Those participating in the Fenestration and Glazing Industry Alliance (FGIA) Virtual Summer Conference heard a presentation from Lisa Sterling, founder and CEO of R3-Engage, on ways to cultivate a successful remote workforce, keep employees physically and mentally well, and properly re-integrate employees into an office setting. Sterling advised that the current work from home experience many are living today is not a normal representation of what remote employment is and suggested employers give their workers the tools and resources they need to succeed in the face of current uncertainty.
“In a disruptive world, transformation is paramount to survival,” says Sterling.
From the cultural shifts of the Me Too movement, COVID-19’s impacts and the current engagement around the Black Lives Matter movement, “the last 18 months have been a perfect storm,” states Sterling, contributing to the current state of disruption we see today. This has taken a toll on the state of the workforce, as well.
“There is opportunity in all of this,” says Sterling. “But look at our current state of wellbeing. Burnout is occurring as people are working longer days. Millions of individuals and families are dealing with financial implications of unemployment heightening stress levels.”
Sterling cited data from May 2020 showing that the top issues on employees’ minds are work life balance (60 percent), technology for remote work (50 percent) and two-way communication (45 percent).
Sterling advised employers to ask themselves three questions:
1. How can you cultivate a successful remote workforce?
2. How can you help employees maintain a healthy wellbeing?
3. Down the road, how will you effectively re-integrate employees back into the office?
“The decisions you make in the coming weeks and months will impact your employment brand for years to come,” Sterling says.
Cultivate a Successful Remote Workforce
Sterling had several tips for empowering remote workers, including building a comprehensive work from home experience, helping employees create a work from home space and providing financial support for work from home necessities. She reiterated how crucial it is to make information readily available for people and to choose the best communication vehicle(s) for one’s specific team.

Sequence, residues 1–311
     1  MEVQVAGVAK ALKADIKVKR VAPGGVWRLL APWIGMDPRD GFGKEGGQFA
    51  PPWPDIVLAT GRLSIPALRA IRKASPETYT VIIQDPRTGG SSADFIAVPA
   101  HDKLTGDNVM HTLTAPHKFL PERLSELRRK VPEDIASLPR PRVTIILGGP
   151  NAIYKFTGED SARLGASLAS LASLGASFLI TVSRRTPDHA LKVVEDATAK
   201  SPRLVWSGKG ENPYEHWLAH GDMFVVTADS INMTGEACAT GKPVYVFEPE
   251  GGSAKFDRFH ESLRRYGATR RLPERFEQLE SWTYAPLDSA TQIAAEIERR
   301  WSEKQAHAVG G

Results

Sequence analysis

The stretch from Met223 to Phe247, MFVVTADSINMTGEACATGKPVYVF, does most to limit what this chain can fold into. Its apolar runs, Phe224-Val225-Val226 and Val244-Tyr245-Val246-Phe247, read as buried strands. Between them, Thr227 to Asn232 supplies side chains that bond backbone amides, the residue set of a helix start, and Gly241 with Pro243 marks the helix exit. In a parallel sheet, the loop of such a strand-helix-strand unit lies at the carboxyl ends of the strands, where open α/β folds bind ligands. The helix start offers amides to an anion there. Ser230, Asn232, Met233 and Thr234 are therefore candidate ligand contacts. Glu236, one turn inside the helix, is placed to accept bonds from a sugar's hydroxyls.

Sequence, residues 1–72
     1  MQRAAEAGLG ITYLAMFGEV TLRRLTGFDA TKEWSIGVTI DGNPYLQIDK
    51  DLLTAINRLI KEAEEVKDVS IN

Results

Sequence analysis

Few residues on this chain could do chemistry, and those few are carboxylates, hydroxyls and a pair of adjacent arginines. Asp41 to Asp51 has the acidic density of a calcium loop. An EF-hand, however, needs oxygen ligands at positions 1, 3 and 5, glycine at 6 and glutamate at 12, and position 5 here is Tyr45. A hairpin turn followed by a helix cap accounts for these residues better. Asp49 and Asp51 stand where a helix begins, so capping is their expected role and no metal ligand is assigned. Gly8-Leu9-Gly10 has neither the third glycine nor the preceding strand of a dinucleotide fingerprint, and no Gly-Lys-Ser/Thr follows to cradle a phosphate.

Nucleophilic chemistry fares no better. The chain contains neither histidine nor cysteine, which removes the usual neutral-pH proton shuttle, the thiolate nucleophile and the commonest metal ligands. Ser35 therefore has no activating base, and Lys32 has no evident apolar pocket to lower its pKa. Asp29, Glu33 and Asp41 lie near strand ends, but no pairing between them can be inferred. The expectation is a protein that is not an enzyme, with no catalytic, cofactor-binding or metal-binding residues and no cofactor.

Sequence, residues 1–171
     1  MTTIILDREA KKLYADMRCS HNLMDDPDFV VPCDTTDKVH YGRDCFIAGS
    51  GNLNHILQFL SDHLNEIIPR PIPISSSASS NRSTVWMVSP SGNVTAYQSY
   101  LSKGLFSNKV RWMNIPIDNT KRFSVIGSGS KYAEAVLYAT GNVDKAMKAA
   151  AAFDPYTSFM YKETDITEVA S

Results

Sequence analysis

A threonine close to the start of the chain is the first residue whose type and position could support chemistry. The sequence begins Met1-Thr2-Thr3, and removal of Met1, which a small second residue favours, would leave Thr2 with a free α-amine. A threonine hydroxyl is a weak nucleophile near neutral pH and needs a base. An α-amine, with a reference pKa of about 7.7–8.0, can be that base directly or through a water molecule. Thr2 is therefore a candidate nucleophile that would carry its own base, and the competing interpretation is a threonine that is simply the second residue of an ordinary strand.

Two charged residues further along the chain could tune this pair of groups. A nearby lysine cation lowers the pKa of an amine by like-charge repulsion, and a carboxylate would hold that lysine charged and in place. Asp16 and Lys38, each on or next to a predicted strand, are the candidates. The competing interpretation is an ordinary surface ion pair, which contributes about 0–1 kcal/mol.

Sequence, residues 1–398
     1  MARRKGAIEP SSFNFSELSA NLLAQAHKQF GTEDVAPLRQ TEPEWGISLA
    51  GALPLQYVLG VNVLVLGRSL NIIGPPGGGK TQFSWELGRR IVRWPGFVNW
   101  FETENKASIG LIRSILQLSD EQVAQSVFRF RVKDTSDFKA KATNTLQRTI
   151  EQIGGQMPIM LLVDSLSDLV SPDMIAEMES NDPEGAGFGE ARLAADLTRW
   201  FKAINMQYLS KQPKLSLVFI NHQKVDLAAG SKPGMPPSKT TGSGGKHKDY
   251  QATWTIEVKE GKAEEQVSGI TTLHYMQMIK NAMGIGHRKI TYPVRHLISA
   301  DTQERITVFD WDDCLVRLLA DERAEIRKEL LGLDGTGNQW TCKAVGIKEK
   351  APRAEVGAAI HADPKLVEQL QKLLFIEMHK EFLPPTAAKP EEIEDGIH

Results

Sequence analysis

“How do you keep employees engaged?” asks Sterling. “It’s hard when you don’t have shared common spaces like you would in an office. When we are removed from that, people might not feel as connected. But look at the last three months. People are attentive.”
Sterling encouraged employers to gain feedback about what is working and what is not working, just like they would with any product or service.
“People want to stay up to date and informed,” she says. “Even if you don’t have a fully baked plan, share it with your employees. Use it as an opportunity to engage in dialogue. They have the answers, but they lack your authority and platform to share their ideas.”
Help Employees Maintain a Healthy Wellbeing
Sterling asked employers to think of ways to provide teams with a sense of inclusion and belonging and to foster it even when they are at arm’s length. Set clear goals and accountability, she said, but create entertaining ways for people to collaborate and connect. Sterling said to keep providing career growth opportunities, even if promotions and raises may need to be on hold.
“Maintain mental wellbeing by empowering people to separate life from work,” says Sterling.
“This is a time where we want to be focused on mental wellbeing in a serious manner,” Sterling says. “Don’t just say you care about your employees. Demonstrate ways that you are. Individual wellbeing is far more important than anything else right now.”
Crucially, said Sterling, learn to recognize warning signs of employees who may be suffering from stress.
Effectively Re-integrate Employees Back into the Office
When re-integrating employees, plan for safety first, Sterling said. Her tips included continuing social distancing standards, creating space between workstations, frequent cleaning and disinfecting, and limiting congregating in common spaces like cafeterias and break room.
“If possible, allow the return to the workplace to be optional,” says Sterling. “Articulate it’s not a ‘return to normal’ or a ‘return to pre-COVID’ state. Provide avenues for people to reconnect to work, the workplace and peers.”
In terms of communication as teams re-integrate, err on the side of even over-communicating, said Sterling.
“Be deliberate in communicating,” she said. “People will look back and thank you and be advocates for you because you worked hard to take care of them.”